Sexual harassment policies and training will remain a concern to many employers in 2018, according to a recent XpertHR survey. The survey revealed that employers plan to tackle the issue in a variety of ways, including:
- Updating their sexual harassment policies;
- Offering sexual harassment training; and
- Making the issue more of an organizational priority.
Over the last year, sexual harassment has been brought to the forefront of employers’ minds as:
- The #metoo movement has exploded; and
- Many famous individuals have been accused of sexual misconduct in the workplace.
Because of the increased focus on the topic, XpertHR took the temperature of a wide variety of HR professionals to see how they are currently handling the issue and how they plan on handling it in the future. The February 2018 survey received over 500 responses from small, medium and large employers across a wide variety of industries in all geographic areas of the country.
Sexual Harassment Policies
As expected, the survey revealed that most employers (92%) have a formal sexual harassment policy in place. Additionally, 35% of the surveyed organizations said they were planning to implement a policy in 2018.
However, the results were divided over whether the employers surveyed would be updating their policies in 2018, with 37% saying they would, 26% saying they wouldn’t and 35% unsure. While it’s vital for employers to have sexual harassment policies in place, that’s not the end of the matter. They must also continue to update their policies regularly and make sure their employees are aware of them.
Sexual Harassment Training
Most of the HR professionals surveyed (74%) said their organizations currently offer sexual harassment prevention training. Additionally, when the survey participants were asked about their plans for training in 2018, 29% said they were planning to offer sexual harassment prevention training, 43% were unsure and 27% said they were not planning to offer it.
- Be conducted on an annual or semi-annual basis;
- Provide guidelines on lawful and unlawful behavior;
- Be provided early on in the new employee onboarding process; and
- Be interactive and include hypothetical situations.
Employers also need to provide additional training appropriate for supervisors that educates them about how to:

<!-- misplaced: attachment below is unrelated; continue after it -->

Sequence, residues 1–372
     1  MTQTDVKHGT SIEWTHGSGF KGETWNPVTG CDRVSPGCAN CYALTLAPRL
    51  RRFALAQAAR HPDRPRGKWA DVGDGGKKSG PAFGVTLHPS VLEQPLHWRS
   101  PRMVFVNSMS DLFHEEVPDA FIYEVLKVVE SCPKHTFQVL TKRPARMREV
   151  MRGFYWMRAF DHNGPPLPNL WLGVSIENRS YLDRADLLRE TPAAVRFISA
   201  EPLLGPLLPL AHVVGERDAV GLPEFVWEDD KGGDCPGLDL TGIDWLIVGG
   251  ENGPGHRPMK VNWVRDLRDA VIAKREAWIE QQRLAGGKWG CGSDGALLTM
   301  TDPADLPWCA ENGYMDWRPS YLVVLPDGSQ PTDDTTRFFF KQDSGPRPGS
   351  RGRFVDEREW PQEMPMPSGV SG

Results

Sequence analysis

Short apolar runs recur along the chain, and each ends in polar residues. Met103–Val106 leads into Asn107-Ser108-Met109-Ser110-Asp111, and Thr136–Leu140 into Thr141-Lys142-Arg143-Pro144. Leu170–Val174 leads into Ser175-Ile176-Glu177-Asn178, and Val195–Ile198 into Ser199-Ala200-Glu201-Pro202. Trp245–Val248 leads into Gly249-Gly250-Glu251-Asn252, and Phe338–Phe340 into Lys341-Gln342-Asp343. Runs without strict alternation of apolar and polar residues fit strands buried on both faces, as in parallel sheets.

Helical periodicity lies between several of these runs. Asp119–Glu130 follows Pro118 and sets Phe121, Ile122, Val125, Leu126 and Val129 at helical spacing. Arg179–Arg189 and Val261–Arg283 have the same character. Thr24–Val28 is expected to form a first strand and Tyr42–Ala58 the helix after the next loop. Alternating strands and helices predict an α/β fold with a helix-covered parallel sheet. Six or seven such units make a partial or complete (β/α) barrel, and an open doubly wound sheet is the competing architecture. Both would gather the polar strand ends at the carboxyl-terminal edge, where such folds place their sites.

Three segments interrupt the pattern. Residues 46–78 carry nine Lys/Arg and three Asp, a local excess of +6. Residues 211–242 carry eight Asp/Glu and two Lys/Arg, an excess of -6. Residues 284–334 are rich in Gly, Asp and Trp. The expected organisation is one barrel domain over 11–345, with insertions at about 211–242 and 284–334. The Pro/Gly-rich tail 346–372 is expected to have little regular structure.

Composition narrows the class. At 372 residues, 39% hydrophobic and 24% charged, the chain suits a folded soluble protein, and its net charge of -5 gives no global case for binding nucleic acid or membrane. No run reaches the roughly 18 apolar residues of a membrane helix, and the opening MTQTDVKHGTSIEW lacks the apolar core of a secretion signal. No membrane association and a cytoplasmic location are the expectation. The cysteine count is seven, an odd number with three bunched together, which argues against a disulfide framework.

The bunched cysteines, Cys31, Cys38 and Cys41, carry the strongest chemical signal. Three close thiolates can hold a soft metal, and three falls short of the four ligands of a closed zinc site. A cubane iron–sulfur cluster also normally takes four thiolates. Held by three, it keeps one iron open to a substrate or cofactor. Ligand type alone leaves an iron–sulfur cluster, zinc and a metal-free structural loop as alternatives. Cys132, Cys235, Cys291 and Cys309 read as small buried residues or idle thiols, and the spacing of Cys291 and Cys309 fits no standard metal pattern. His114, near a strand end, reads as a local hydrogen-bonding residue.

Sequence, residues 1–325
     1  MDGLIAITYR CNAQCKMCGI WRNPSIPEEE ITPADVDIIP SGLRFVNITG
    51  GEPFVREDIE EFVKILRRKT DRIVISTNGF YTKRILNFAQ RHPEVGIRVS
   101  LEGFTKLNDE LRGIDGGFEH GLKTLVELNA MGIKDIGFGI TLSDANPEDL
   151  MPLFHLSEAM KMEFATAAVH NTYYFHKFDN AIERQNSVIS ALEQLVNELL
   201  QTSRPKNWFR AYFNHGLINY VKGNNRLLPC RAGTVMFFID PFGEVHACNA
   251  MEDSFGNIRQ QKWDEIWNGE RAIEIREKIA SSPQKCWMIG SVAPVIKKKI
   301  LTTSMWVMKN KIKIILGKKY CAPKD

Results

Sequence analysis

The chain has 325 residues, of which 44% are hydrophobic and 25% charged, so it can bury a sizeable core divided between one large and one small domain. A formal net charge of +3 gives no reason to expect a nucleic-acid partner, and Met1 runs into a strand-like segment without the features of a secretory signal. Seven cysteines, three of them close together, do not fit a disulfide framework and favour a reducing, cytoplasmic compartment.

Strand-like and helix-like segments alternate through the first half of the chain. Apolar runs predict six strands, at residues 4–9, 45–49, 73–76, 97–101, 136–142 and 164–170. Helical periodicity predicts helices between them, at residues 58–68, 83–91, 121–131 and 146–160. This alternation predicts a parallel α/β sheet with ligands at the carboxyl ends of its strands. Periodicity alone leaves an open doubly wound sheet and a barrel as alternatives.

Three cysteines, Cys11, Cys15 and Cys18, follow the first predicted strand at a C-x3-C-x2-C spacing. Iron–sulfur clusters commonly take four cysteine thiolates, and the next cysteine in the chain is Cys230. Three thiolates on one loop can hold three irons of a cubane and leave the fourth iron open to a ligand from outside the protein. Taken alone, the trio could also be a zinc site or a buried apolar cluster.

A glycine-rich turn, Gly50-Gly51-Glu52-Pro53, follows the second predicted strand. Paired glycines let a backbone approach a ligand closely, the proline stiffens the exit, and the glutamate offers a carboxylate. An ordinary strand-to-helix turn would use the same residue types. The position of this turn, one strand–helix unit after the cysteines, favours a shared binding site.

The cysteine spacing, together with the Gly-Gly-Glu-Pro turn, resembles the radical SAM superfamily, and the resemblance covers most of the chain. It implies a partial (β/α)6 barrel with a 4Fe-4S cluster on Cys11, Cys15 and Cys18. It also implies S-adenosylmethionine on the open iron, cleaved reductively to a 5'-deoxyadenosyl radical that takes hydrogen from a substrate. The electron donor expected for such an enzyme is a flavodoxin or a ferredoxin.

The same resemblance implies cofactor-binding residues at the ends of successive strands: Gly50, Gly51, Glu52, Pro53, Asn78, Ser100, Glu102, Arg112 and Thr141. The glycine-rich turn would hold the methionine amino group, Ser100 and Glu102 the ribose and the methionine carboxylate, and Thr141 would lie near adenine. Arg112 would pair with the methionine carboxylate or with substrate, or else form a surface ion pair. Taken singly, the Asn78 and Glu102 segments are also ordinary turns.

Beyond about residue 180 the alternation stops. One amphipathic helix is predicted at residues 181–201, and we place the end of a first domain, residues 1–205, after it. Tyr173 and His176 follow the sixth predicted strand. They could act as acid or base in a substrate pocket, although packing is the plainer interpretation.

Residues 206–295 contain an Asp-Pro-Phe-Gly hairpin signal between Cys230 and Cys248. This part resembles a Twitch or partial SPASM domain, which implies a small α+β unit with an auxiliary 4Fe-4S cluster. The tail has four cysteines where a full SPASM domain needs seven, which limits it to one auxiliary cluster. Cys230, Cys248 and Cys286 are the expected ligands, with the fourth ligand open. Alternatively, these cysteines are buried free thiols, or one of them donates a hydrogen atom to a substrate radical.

- Be on the lookout for harassment; and
- Handle harassment complaints.
An employer should promote and maintain a “See Something, Say Something” culture in the workplace for potential observers of sexual harassment. This is why bystanders should also be provided with sexual harassment training.
For a variety of reasons, it’s often difficult for victims to speak out against their harassers, making it all the more important for bystanders and coworkers to feel like they have the ability to do so when they have seen something troubling. This means an employer needs to make sure it has a clear, multilevel reporting process that both victims and observers can use to report any type of harassment in the workplace.
According to XpertHR’s survey, 18% of participants said they were planning to offer bystander training, 29% said they would not and 51% said they were unsure.
Not many of the surveyed employers had reached confidential sexual harassment settlements during the past five years. In fact, 76% reported having zero settlements during that time period.
However, for the HR professionals that indicated their organizations had settled harassment claims in the last five years, such settlements were often costly. When they were asked to estimate the average size of the amount paid for each settlement, the survey respondents revealed that:
- 34% were less than $5,000;
- 17% ranged from $5,001 – $9,999;
- 17% ranged from $10,000 – $19,999;
- 12% ranged from $20,000 – $49,999; and
- 18% were more than $50,000.
Many of the XpertHR survey respondents were worried about confidentiality agreements protecting harassment perpetrators, and there may be truth to that notion. For instance, a good number of the big names in the news over the past year allegedly had confidential settlements, but their behavior continued.
When the survey participants were asked whether they thought confidentiality agreements should be included in sexual harassment settlements, 39% said yes, 28% said no and 32% said they had no opinion on the matter.
Sexual Harassment Prevention
All the sexual harassment coverage this year has caused many employers to examine whether they need to rethink or revamp any of their policies and practices. More than half (53%) of the 548 organizations surveyed said that sexual harassment policies and training would be a greater concern in 2018.
Not taking steps to prevent sexual harassment and avoid common mistakes is a risky move for employers, especially in the #metoo era. If an employer does not properly address the issue, it could risk:
- Reputational damage;
- A toxic work environment;
- Lawsuits; and
- Financial repercussions.
How is your organization planning to address sexual harassment in 2018? Please let us know by leaving a comment below.